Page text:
Looking for financial aid to help foot the tuition bill? Follow these 10 tips to help you secure the funding help you need and remember — don't wait until your child's senior year to start thinking about student aid.
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Looking for financial aid to help foot the tuition bill? Follow these 10 tips to help you secure the funding help you need and remember — don't wait until your child's senior year to start thinking about student aid. The sooner you start, the more money you may be able to find.

1. Get an early idea of your EFC
Estimate your Expected Family Contribution (EFC) during your child's junior year. By getting an idea of what you might pay, you can find colleges within your price range and identify what you might need in scholarships and loans to manage your tuition costs. The more financial aid information you can gather, the better.

2. Reduce your child's savings
An entire 20 percent of your child's assets are considered available for college, as opposed to just 5.6 percent of yours. Encourage your child to save, but keep college funds in a custodial account.

3. Learn a little about marketing
This is one of the most important aspects of competing for merit-based awards. Highlight your child's accomplishments and an award committee will be that much more likely to consider giving a scholarship to your son or daughter.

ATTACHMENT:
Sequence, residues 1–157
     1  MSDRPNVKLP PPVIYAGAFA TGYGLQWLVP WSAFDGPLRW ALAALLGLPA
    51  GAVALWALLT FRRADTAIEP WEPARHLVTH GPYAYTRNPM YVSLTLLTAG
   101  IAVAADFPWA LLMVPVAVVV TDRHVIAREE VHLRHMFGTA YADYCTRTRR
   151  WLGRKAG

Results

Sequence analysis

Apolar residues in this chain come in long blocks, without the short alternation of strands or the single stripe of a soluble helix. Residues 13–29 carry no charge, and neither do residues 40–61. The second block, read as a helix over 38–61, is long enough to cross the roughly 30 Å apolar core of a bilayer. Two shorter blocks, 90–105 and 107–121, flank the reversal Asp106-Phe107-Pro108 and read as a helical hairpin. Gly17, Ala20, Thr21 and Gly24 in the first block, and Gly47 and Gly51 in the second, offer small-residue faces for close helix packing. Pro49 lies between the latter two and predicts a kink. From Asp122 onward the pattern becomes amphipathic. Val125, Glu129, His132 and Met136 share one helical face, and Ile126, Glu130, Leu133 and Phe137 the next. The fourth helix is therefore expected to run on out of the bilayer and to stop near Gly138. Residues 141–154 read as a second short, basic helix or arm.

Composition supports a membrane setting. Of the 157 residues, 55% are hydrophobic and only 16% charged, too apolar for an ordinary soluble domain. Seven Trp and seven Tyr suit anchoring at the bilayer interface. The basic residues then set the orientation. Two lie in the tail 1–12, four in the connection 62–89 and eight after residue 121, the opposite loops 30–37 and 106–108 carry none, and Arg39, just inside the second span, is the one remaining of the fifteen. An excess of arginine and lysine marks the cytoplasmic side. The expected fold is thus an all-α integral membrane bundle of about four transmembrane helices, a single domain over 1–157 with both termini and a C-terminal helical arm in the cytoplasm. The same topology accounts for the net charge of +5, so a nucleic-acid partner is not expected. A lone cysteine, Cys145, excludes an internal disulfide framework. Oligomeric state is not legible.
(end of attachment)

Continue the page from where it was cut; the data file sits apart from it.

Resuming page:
4. Make financial aid a part of your campus visits

Ask to speak with someone in the student financial aid office — it's the best way to get your family on the radar for campus-based awards. Afterwards, take some notes! These contacts could come in handy later.

5. Do a bit of detective work
Determine if your child's application for aid affects the probability of admittance. If so, find out how.

6. Make a decision on early decision
If your child is thinking of applying Early Decision or Early Action, determine how it will affect your chances for student aid. Early Decision acceptance may prevent you from comparing awards, because your child will have to commit to the school before you see the aid offers from other applications. (This is not a factor if your child is accepted under an Early Action or Single-Choice Early Action application, as these are non-binding offers.)

7. Determine the effect of outside awards
If your child receives an outside scholarship, find out how it will affect your student financial aid award. Some schools will lessen grant aid, and others will pare down on loans. The school's policy will affect the amount you'll have to borrow.

8. Pay attention to deadlines
The sooner your child files his or her college applications, the better your chances of receiving aid. To assist with financial aid for college forms, file your taxes as early in the year as possible. Keep in mind that if you are applying to schools that require the PROFILE financial aid application, it may have an earlier deadline than the FAFSA.

9. Complete the FAFSA
Fill out this form, even if you think you won't qualify — very affluent families sometimes qualify for aid at certain high-tuition schools. This single application is your gateway to all federal loan, grant, and work-study awards that total in the billions of dollars.

10. Make your college aware of special circumstances
If you have lost your job since completing the FAFSA or PROFILE, inform schools about your situation. Most have standard policies that allow for the use of projected income, which could increase financial assistance.

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